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World Bank plan meets skepticism

Aug 19, 2010 6:40:47 AM - thesundayleader.lk

-Sri Lanka’s spatial imbalance, and regional comparison

At a recently held event, the World Bank launched a specialized development report for Sri Lanka based its 2009 World Development Report: “Sri Lanka: Reshaping Economic Geography: Connecting People to Prosperity.”

The report was made at the request of minister Sarath Amunugama and Mr. Ajith Cabraal of the central bank proposed three specific steps to address spatially inclusive growth in Sri Lanka.

Sti Lanka’s growth though robust is strongly focussed on the Colombo area with almost 50% of its GDP reported to have been contributed by the city During the presentation held at the Cinnamon Grand the leader of th research team Dr. Somik V. Lal said that ‘geographically imbalanced growth is a sign of any economy’ and that corret policy measures can gradually balance this out.

He said that the government’s recent strategy of relocating entire industries however, was tantamount to overkill and what is required is a more subtle type of tactic. The report recommended three basic policy stances in this measure. Mr. Lal also added that the current government was making progressive steps in the right direction.

Spatially blind policies of institutions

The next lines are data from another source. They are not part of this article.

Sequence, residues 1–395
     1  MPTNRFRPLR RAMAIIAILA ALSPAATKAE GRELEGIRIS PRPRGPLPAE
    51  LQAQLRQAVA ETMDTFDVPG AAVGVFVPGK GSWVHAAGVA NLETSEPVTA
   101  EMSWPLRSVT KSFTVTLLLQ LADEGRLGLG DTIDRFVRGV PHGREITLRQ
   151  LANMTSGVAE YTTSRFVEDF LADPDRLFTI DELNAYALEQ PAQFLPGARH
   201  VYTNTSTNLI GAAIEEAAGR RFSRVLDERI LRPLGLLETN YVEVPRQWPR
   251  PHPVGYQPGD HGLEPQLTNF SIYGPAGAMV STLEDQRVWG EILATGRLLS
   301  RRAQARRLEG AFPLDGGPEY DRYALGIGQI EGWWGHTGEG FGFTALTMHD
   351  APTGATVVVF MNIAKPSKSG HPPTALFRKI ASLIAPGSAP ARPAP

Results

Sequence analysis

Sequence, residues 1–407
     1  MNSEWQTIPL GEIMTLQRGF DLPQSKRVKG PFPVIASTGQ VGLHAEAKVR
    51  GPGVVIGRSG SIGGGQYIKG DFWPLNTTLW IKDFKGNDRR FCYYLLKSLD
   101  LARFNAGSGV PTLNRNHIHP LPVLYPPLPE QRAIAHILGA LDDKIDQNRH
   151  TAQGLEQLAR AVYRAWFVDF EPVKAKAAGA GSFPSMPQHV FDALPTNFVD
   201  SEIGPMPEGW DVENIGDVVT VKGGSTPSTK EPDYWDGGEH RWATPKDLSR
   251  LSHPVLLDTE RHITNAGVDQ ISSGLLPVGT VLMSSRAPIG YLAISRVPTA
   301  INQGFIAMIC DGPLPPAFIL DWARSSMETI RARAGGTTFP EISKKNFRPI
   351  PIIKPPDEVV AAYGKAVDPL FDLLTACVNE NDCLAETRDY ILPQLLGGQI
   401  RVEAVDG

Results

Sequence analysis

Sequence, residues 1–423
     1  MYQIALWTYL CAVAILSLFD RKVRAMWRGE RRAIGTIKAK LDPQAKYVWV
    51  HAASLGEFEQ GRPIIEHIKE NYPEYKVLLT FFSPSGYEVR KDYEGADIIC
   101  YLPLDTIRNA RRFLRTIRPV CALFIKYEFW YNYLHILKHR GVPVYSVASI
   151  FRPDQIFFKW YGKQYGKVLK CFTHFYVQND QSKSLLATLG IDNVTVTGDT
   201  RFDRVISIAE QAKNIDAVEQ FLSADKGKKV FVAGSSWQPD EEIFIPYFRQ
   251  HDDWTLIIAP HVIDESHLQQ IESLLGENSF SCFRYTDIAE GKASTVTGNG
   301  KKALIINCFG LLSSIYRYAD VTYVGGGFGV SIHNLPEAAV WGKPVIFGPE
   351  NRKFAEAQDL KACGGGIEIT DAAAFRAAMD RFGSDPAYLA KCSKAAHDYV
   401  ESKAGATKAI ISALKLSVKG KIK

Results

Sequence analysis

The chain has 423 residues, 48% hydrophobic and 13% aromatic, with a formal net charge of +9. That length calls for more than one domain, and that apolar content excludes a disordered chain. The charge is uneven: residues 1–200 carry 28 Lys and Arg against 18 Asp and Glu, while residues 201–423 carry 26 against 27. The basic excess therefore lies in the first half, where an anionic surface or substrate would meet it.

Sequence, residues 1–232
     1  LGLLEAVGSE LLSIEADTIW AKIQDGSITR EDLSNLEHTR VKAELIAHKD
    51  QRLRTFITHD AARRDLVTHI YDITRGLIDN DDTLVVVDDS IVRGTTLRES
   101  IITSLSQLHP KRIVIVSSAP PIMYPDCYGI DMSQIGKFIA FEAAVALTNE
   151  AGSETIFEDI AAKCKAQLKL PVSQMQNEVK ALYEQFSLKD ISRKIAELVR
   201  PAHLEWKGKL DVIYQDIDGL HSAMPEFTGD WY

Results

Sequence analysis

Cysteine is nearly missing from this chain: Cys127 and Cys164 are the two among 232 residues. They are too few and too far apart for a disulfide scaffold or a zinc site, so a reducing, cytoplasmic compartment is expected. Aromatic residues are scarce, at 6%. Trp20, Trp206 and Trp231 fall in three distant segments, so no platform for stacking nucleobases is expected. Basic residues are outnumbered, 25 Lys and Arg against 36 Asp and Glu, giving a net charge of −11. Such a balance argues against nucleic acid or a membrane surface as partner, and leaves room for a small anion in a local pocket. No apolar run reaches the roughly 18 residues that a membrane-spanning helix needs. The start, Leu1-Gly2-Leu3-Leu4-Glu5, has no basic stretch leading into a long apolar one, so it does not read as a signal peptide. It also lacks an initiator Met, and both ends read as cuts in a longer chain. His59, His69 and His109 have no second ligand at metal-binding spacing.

Spatially connective policies improvement of transport infrastructure to connect rural areas to the city and hence, prosperity.

Spatially targeted policies to stimulate economic growth in lagging areas.  These measures include investment subsidies, tax rebates, local regulation etc.

The suggestions were met with some skepticism by the leading panelists present. They inlcluded Dr. Anura Ekanayake of the BOI, Prof Nalini Hemanayake of thePeradeniya University and others.

Among the main criticisms raised was that Sri Lanka does not have the fiscal space to accomodate the additional spending required to fund the proposed policy tools. Another criticism of the report accused the researchers of not taking into account political factors such as the lack of transparency, good governance and the problem of corruption. A useful suggestion put forward by Dr. Ekanayake was to try and find ways to enable the private sector to carry out the necessary policy modifications.

The full report can be read/downloaded here